Ten ice-sheet models are used to study sensitivity of the Greenland and Antarctic ice sheets to prescribed changes of surface mass balance, sub-ice-shelf melting and basal sliding. Results exhibit a large range in projected contributions to sea-level change. In most cases, the ice volume above flotation lost is linearly dependent on the strength of the forcing. Combinations of forcings can be closely approximated by linearly summing the contributions from single forcing experiments, suggesting that nonlinear feedbacks are modest. Our models indicate that Greenland is more sensitive than Antarctica to likely atmospheric changes in temperature and precipitation, while Antarctica is more sensitive to increased ice-shelf basal melting. An experiment approximating the Intergovernmental Panel on Climate Change’s RCP8.5 scenario produces additional first-century contributions to sea level of 22.3 and 8.1 cm from Greenland and Antarctica, respectively, with a range among models of 62 and 14 cm, respectively. By 200 years, projections increase to 53.2 and 26.7 cm, respectively, with ranges of 79 and 43 cm. Linear interpolation of the sensitivity results closely approximates these projections, revealing the relative contributions of the individual forcings on the combined volume change and suggesting that total ice-sheet response to complicated forcings over 200 years can be linearized.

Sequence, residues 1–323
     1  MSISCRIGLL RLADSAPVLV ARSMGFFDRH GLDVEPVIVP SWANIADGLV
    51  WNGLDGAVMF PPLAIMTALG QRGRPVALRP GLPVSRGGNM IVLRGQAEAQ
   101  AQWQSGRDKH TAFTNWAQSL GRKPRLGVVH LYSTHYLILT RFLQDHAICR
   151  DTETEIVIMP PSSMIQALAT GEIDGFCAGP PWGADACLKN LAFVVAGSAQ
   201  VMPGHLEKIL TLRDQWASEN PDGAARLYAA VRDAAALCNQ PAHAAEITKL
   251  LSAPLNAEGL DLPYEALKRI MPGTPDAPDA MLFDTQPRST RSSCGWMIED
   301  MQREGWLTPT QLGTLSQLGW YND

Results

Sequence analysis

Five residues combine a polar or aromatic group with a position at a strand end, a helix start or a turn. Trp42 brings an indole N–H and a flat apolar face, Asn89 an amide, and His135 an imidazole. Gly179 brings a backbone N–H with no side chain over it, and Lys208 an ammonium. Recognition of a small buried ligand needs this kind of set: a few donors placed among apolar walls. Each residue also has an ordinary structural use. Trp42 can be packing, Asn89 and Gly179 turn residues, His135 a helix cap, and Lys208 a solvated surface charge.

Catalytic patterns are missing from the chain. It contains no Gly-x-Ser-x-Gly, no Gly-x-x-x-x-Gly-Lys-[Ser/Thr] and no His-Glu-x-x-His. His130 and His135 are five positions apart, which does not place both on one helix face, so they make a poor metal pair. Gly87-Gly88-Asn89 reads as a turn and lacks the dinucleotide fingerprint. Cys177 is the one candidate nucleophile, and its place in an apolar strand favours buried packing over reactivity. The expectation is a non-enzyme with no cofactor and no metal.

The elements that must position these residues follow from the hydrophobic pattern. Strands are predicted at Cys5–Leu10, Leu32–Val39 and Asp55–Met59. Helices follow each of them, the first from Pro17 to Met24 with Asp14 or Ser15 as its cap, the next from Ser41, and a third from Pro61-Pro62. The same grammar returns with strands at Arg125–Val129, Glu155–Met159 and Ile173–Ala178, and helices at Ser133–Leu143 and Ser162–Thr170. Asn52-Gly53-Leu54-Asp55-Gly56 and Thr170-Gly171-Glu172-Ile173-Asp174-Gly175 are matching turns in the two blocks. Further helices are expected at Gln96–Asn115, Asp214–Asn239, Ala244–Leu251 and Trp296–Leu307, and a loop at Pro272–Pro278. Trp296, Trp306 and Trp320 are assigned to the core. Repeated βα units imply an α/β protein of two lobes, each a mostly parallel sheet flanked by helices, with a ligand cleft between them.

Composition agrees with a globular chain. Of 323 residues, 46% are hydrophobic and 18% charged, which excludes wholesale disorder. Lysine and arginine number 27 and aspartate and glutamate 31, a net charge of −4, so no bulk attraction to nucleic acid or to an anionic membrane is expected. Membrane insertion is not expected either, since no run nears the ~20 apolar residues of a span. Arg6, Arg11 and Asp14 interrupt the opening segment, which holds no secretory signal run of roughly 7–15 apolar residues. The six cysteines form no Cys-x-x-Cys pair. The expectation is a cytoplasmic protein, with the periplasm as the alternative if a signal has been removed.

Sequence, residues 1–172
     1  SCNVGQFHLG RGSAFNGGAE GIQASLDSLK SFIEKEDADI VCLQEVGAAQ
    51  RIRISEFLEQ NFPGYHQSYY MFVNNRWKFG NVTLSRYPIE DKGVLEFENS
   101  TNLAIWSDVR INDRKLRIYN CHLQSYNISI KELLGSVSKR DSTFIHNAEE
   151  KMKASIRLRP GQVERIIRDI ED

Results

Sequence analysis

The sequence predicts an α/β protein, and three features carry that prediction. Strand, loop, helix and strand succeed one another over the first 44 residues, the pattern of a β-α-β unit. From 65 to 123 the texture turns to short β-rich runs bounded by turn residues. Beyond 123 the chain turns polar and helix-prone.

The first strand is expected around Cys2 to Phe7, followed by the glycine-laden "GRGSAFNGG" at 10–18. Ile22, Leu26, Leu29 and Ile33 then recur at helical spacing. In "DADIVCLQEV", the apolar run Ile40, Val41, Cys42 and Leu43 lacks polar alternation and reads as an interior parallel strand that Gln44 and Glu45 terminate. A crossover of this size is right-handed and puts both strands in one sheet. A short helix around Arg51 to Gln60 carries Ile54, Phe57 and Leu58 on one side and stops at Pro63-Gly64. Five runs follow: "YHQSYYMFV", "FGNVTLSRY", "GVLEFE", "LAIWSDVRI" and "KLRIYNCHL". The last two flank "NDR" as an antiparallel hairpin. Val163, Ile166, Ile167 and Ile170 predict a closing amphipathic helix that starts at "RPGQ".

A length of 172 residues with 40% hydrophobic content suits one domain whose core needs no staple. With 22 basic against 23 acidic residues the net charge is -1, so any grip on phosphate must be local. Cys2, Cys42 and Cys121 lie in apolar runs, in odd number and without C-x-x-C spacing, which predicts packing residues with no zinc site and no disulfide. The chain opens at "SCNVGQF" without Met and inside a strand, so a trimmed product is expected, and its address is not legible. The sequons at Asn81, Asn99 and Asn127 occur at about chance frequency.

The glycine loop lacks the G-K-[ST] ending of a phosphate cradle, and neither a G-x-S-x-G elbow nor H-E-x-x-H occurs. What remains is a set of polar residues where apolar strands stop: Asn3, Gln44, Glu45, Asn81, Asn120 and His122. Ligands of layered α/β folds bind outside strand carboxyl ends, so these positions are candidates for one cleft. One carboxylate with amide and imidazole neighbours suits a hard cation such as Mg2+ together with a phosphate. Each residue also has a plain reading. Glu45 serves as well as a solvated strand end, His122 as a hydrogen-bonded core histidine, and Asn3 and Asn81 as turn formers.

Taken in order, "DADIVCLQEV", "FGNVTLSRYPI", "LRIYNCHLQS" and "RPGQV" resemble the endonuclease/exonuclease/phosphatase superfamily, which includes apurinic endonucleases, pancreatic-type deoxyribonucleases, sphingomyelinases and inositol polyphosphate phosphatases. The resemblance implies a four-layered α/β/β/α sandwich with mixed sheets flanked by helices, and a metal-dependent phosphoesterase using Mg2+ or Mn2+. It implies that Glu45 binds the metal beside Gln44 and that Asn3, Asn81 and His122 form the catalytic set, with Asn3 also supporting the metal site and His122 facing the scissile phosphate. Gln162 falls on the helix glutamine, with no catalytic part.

A microchannel plate was used as an ion sensitive detector in a commercial helium ion microscope (HIM) for dark-field transmission imaging of nanomaterials, i.e. scanning transmission ion microscopy (STIM). In contrast to previous transmission HIM approaches that used secondary electron conversion holders, our new approach detects forward-scattered helium ions on a dedicated annular shaped ion sensitive detector. Minimum collection angles between 125 mrad and 325 mrad were obtained by varying the distance of the sample from the microchannel plate detector during imaging. Monte Carlo simulations were used to predict detector angular ranges at which dark-field images with atomic number contrast could be obtained. We demonstrate atomic number contrast imaging via scanning transmission ion imaging of silica-coated gold nanoparticles and magnetite nanoparticles. Although the resolution of STIM is known to be degraded by beam broadening in the substrate, we imaged magnetite nanoparticles with high contrast on a relatively thick silicon nitride substrate. We expect this new approach to annular dark-field STIM will open avenues for more quantitative ion imaging techniques and advance fundamental understanding of underlying ion scattering mechanisms leading to image formation.